Lost in the Movies: July 2009

(500) Days of Summer

Punningly, the title is a winking reference to Tom Hansen’s (Joseph Gordon Levitt) girlfriend, the rather ludicrously named Summer Finn (Zooey Deschanel). Appropriately then - and look elsewhere if you don't want the ending spoiled - the film’s own seasonal mood is rather autumnal, focusing as it does on the decline and expiration of a “quirky” romance. The movie also anticipates and tacitly acknowledges the death of the very hip/quirky/indie aesthetic that its own contemporary success would seem to vindicate. Just as “indie” trendiness hits saturation point in the media, the movie whispers to anyone who’s listening that the show is over and the queen is dead – the movie is an allegory for its own demise (and that of its audience) and even more surprisingly, an apologia for such.

Lawrence of Arabia

Lawrence of Arabia, 1962, directed by David Lean

The Story: T.E. Lawrence (Peter O’Toole), a minor British officer stationed in Cairo during World War I, is sent into the Arabian desert to “assess” the state of the Arabs’ revolt against the Turks. The revolt is a mess, but instead of reporting back, Lawrence himself leads a band of Arabs through the harshest sectors of the desert into victory against the Turks. Astonished and delighted, his superiors give him free reign and so T.E. becomes “Lawrence of Arabia,” an enigmatic, brilliant, and narcissistic guerrilla leader whose genius and bravado is matched only by his eccentricity and insecurity.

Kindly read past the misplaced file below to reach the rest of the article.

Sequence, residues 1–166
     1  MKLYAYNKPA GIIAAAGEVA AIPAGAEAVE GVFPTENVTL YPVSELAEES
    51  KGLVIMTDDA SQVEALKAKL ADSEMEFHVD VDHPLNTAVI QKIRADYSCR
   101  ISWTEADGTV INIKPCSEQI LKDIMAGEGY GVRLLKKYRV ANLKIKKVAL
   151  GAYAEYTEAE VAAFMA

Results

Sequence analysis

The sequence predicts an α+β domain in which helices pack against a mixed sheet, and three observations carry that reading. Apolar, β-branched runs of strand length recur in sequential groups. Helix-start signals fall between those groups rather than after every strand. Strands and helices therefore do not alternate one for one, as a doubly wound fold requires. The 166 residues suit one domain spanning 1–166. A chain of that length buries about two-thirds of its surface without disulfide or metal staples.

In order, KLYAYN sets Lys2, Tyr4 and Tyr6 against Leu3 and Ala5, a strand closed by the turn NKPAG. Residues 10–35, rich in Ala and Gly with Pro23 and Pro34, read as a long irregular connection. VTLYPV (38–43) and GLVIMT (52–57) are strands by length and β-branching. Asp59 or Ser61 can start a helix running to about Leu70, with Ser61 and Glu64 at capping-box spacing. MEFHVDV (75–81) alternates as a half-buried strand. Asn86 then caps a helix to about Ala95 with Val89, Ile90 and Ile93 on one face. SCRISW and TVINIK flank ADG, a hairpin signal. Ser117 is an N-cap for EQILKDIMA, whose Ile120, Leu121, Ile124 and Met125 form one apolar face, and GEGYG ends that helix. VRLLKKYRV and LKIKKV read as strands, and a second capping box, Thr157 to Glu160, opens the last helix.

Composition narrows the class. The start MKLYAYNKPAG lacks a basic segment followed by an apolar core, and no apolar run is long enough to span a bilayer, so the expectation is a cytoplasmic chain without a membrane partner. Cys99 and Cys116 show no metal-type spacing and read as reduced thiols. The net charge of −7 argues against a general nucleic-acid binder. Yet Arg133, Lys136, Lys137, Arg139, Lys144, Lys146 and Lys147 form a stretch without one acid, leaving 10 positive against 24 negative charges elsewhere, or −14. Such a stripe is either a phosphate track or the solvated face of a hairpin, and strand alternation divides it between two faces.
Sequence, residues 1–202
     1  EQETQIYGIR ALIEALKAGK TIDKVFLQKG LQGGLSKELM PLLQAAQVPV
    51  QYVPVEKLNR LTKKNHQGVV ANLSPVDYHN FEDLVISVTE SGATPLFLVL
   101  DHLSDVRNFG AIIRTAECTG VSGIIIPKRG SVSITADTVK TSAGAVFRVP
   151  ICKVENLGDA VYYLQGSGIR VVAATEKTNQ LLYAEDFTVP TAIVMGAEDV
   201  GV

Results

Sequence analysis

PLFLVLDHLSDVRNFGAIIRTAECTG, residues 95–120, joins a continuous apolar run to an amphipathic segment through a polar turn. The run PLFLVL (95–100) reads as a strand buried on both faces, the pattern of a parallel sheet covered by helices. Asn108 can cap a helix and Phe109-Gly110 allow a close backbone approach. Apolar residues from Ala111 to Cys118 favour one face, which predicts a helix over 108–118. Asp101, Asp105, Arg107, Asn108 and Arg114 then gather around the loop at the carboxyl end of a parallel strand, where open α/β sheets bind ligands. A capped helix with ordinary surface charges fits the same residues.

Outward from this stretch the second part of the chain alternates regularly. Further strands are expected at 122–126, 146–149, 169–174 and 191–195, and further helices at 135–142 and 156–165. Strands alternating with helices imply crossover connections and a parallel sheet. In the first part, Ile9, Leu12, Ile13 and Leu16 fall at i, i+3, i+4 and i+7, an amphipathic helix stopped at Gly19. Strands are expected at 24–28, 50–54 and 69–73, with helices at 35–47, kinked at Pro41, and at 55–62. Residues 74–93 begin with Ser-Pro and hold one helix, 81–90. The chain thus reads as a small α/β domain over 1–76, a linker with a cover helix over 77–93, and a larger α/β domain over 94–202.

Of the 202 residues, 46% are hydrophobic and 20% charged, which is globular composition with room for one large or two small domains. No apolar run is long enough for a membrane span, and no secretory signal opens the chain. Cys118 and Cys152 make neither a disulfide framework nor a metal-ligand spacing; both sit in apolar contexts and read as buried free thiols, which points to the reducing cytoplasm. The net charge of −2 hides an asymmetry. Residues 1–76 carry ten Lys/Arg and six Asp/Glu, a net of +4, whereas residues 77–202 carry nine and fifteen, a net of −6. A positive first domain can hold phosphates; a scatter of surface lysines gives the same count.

Mark Rudd and the Weather Underground

Microphone in hand, impatiently trailing the wire behind him as he paced at the front of the old theater with about forty people gathered before him, Mark Rudd emphatically, if a tad regretfully, declared that he was not a "revolutionary." At least not any more. On Saturday, July 18th, the Music Hall in Portsmouth, NH held a seminar as part of the Maine Film Festival entitled "A New Century - A New Activism." The talk began before the screening of The Weather Underground (a 2002 documentary about the radical left-wing group Rudd belonged to in the 1960s and 1970s) but spilled over into a post-film discussion as well.

16 Days into July (One Year and Counting)

Links to all of my online work, on an ongoing basis

On the first anniversary of this blog, I compiled a complete directory. It has now been moved here in its entirety.

2001: A Space Odyssey

2001: A Space Odyssey, 1968, directed by Stanley Kubrick

The Story: Monkeys kill each other. Millions of years later, a murderous computer is dismantled while singing a vaudeville tune. An astronaut travels through a wormhole, ages rapidly, and is reborn as a gigantic fetus floating amongst the stars. Sleek, black monoliths appear intermittently. Lots of ships and satellites and stations float through outer space.

The plot both is and isn’t the point of 2001: A Space Odyssey. On the one hand, its rather sketchy (and on paper, ridiculous, as the above indicates) plot is easily overwhelmed by the cosmic light shows, the long demonstrations of space travel technique and ritual, the passages featuring the apes who can’t talk and the bloodless bureaucrats who can but probably shouldn’t, and of course the lavish visual effects (which hold up so much better than CGI from two years ago – or for that matter, from this year). On the other hand, if the overarching plot seems haphazard and thin, the narrative arc – spanning millions of years as the human race progresses from a mindless ape to a cosmic star child – is all-important. Composing the arc are several generally separate stories, four in all: the prehistoric men, the trip to the moon sponsored by Howard Johnsons, the showdown with HAL, the mystical and mystifying finale.

The Lost Son of Havana